Why the Los Angeles Lakers Opened as Favorites in Game 2 Despite Losing Game 1 as Underdogs to Phoenix Suns

Why the Los Angeles Lakers Opened as Favorites in Game 2 Despite Losing Game 1 as Underdogs to Phoenix Suns article feature image
Credit:

Barry Gossage/NBAE via Getty Images. Pictured: Mikal Bridges guards LeBron James.

The Phoenix Suns may not have shocked the world with their Game 1 win over the Los Angeles Lakers Sunday, but they definitely caused everyone to sit up and take notice.

Phoenix outplayed the Lakers resoundingly, especially on the defensive end, holding them to just 97 points per 100 possessions, which is basically hot garbage water.

The Suns were favored by two in Game 1 and covered with ease. So Phoenix won Game 1, covered Game 1, and is still at home in Game 2?

The Lakers opened as 1- to 2-point favorites in Game 2 at various books.

Huh?

I reached out to bookmakers for an explanation as to why the Suns went from favorites in Game 1 to dogs in Game 2:

“Chris Paul’s injury is the key mover here,” Jay Croucher, Head of Trading, PointsBet USA, said. “Paul never looked right after getting hurt, and a diminished Paul means a significantly diminished Phoenix, especially after the Lakers have more time to game-plan for sagging off of Paul (as they started to in Game 1) if he’s still compromised.

“Incentive also plays a key part,” Coucher continued. “The Lakers being in desperation mode and what that means for rotation minutes and strategy [more of a chance they move away from the Davis at power forward minutes, which they’ve struggled in] has a material impact on the line. There is also the aspect of no one believing in this young Phoenix team, especially with Paul hurt.”

“The weight of money in Game 1 was on the Lakers, the weight of series money has been on the Lakers, and early Game 2 action has also been on the Lakers. Weight of money doesn’t move the line, but there is still an informed skepticism around Phoenix as a playoff team, and the expectation that the Lakers will get better as the series goes on, given their lineup options.”

As far as Paul goes, he absolutely could not use his right arm after he returned Sunday. The continued numbness obviously brings concerns about a nerve injury. This video actually does a pretty good job of going through the implications of the likely injury, a stinger:

If that video is accurate and it is a stinger, then it’s unlikely Paul misses time going forward.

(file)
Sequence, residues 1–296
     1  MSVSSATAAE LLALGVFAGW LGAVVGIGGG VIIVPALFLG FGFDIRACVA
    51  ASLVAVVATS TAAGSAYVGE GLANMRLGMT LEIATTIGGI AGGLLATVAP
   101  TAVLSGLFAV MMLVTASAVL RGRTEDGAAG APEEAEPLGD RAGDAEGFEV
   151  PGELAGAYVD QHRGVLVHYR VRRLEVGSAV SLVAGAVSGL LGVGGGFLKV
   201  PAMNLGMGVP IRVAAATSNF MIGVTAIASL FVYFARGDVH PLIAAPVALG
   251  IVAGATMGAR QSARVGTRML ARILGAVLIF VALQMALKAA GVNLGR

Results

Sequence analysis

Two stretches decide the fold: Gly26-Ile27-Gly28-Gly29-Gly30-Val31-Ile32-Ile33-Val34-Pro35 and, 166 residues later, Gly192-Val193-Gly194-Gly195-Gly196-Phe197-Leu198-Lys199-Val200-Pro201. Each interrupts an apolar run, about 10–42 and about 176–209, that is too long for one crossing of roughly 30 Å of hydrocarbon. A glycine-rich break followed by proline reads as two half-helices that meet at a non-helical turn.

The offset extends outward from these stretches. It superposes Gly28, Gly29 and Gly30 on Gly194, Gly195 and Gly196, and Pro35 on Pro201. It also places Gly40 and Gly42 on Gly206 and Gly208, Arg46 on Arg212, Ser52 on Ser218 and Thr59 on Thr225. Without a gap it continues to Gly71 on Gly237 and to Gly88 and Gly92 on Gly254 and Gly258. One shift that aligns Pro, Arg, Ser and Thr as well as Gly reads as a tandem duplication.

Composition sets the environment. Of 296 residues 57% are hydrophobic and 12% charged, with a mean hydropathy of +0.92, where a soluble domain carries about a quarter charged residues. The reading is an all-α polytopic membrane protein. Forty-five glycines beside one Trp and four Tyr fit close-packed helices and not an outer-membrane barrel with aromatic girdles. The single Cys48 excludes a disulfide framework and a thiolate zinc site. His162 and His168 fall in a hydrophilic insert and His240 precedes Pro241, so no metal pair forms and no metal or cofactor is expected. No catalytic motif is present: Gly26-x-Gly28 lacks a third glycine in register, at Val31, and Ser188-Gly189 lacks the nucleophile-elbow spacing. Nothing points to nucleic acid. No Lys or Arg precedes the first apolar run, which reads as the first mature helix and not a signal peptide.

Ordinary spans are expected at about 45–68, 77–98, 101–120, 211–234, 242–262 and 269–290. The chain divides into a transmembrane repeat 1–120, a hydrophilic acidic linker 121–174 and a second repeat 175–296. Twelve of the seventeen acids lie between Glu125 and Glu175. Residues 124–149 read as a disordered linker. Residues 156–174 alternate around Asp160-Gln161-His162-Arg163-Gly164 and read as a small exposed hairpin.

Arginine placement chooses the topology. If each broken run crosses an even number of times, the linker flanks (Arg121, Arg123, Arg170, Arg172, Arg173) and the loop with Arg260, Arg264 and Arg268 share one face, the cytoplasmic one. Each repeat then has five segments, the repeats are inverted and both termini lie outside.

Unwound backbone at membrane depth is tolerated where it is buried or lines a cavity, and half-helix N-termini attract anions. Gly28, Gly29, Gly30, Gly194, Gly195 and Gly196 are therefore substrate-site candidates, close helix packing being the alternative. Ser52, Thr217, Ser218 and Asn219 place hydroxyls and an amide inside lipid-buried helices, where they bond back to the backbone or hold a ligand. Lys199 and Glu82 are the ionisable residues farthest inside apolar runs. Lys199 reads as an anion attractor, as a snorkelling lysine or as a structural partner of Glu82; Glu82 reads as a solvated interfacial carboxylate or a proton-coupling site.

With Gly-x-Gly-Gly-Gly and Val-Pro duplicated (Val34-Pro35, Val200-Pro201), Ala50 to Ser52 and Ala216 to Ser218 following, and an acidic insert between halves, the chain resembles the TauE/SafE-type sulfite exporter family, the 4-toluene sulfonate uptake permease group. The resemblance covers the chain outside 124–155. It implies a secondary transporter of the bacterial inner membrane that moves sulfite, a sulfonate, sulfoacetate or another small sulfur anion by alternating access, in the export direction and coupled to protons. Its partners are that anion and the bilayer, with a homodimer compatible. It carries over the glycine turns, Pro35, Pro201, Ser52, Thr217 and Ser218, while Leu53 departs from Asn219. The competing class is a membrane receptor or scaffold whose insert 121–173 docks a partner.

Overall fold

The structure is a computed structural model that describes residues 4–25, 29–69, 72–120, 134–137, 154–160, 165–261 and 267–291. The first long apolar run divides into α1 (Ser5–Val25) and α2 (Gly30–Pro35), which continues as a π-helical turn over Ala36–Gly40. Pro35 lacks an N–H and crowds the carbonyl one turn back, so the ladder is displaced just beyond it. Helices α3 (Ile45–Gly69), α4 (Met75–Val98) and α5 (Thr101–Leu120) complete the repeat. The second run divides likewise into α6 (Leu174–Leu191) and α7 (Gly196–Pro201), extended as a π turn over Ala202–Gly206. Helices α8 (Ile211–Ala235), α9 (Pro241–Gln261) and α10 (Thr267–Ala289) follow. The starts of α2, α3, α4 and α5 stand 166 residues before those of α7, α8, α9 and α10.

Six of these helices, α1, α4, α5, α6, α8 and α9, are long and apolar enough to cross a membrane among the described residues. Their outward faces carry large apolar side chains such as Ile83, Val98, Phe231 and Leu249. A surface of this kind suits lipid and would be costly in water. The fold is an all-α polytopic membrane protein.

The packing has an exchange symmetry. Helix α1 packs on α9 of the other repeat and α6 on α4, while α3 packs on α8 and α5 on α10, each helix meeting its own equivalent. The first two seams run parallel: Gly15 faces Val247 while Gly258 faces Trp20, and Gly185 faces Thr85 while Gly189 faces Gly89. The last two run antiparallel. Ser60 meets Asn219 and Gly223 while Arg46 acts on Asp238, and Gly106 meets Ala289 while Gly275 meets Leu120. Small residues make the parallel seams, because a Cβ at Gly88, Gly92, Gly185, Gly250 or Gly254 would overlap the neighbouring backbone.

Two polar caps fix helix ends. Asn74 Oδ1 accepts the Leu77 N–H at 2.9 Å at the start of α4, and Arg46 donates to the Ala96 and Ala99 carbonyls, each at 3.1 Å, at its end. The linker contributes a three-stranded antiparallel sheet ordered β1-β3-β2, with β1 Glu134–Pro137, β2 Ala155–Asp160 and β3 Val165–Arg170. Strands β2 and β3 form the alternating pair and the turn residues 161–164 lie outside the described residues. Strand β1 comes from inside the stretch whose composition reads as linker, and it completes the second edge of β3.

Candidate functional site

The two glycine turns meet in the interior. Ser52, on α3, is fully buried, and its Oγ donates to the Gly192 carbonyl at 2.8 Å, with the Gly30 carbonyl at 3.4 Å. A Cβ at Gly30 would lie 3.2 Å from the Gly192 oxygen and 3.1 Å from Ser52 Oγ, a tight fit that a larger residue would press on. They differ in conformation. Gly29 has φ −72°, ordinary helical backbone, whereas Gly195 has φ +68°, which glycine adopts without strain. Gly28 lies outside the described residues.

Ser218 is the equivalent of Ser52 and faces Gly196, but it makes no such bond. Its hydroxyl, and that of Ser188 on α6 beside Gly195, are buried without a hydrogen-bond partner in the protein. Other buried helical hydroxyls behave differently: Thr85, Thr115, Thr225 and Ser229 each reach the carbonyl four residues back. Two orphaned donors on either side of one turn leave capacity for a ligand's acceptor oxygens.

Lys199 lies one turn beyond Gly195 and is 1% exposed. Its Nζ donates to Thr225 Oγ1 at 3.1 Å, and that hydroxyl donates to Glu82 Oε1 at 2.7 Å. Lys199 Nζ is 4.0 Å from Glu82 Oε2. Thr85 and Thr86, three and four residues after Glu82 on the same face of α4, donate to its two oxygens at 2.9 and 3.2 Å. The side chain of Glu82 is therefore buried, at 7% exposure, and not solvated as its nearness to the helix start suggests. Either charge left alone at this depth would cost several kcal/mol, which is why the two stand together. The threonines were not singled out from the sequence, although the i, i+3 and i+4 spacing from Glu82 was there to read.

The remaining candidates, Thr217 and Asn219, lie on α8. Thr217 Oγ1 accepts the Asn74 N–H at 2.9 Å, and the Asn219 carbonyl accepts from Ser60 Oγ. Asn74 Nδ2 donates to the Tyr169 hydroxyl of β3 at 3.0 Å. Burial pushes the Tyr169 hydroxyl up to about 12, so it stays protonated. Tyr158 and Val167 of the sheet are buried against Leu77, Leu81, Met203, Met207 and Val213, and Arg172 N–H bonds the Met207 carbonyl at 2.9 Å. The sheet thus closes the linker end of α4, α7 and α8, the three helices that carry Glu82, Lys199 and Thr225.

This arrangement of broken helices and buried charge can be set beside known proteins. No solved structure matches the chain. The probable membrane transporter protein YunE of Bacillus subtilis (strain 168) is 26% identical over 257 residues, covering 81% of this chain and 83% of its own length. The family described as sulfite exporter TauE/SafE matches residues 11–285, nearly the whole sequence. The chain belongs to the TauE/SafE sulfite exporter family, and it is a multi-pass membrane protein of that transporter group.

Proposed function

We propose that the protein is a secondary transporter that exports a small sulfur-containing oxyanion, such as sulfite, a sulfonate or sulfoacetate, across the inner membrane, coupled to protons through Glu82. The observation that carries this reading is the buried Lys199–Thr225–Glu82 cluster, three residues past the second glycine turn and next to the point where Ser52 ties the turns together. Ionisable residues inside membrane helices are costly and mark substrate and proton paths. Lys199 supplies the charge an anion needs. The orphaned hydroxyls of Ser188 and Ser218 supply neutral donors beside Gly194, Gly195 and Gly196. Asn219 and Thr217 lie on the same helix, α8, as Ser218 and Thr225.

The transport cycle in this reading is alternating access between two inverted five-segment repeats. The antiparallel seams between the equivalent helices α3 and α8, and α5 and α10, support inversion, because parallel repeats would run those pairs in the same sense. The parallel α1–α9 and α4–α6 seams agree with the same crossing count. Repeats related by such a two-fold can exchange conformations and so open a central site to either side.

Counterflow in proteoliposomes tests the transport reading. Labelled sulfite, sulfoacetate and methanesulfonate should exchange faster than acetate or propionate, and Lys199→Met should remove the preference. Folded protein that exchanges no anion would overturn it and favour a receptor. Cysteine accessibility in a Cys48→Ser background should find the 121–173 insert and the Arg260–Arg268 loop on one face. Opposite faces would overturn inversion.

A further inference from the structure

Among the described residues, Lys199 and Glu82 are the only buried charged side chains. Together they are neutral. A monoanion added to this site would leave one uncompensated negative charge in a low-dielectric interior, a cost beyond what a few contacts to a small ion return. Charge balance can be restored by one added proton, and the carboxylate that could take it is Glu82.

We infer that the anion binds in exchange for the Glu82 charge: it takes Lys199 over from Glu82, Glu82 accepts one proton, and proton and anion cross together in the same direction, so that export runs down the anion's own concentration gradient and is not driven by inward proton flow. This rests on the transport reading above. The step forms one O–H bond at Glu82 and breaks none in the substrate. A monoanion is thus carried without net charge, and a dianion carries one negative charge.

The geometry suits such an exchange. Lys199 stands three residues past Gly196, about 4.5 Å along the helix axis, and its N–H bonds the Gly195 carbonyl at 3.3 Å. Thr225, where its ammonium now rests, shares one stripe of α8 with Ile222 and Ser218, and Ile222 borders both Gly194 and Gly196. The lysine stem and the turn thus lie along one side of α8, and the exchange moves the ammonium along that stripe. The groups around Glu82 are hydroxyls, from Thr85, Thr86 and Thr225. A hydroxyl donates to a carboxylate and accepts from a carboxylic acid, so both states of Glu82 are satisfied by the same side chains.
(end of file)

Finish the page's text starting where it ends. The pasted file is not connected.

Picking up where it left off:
Re: CP3: Paul’s right shoulder is clearly bugging him &, while it does appear to be a stinger/nerve issue, it’s worth mentioning he suffered a Grade III AC joint sprain on this same shoulder during the 2013-14 season.

— Jeff Stotts (@InStreetClothes) May 23, 2021

Regarding NBA stingers:

I have 30+ with an average time lost less than one game.

— Jeff Stotts (@InStreetClothes) May 23, 2021

Then there’s this update from Gina Mizell, who covers the Suns:

Monty Williams said that Chris Paul remains "sore" (not as bad as yesterday but still feeling it) but that he was just doing some dribbling work and that they feel like "he's in a good place" for tomorrow's Game 2. Added he and medical staff would not put him in harm's way #Suns

— Gina Mizell (@ginamizell) May 24, 2021

So we’ve got Chris Paul likely to play while sore but not as bad even a day after with another day to go. So what else could it be?

Deandre Ayton left the bench during the “altercation” between Cam Payne, Alex Caruso and Montrezl Harrell.

Ayton will not play game 2 @AnthonyIrwinLA @forumbluegold @hannah_kulik pic.twitter.com/5yfNKAElxj

— CompaJR (@juansjr7) May 23, 2021

Even then, Ayton isn’t likely to move the spread by more than a half-point. The line moved back towards the Suns after moving as high as Lakers -2. We’re tracking steam, and reverse line moves on the Suns from impactful bettors. Via the Action Network app:

The majority of the bets and money are on the Lakers, yet the line moved back towards the Suns.

This line remains confusing. Even with the idea that Paul’s injury moves this, does it move it three full points? Action Network’s Raheem Palmer has this game projected with the Suns as slight favorites.

The question comes back to Croucher’s final point: Do you trust this Suns team, at home, coming back in a letdown spot off a sensational performance in Game 1?

Or is it maybe simpler: If you remove the narrative constructs like skepticism, experience, motivation, and factor in that Paul is likely to play… is this line sharp?

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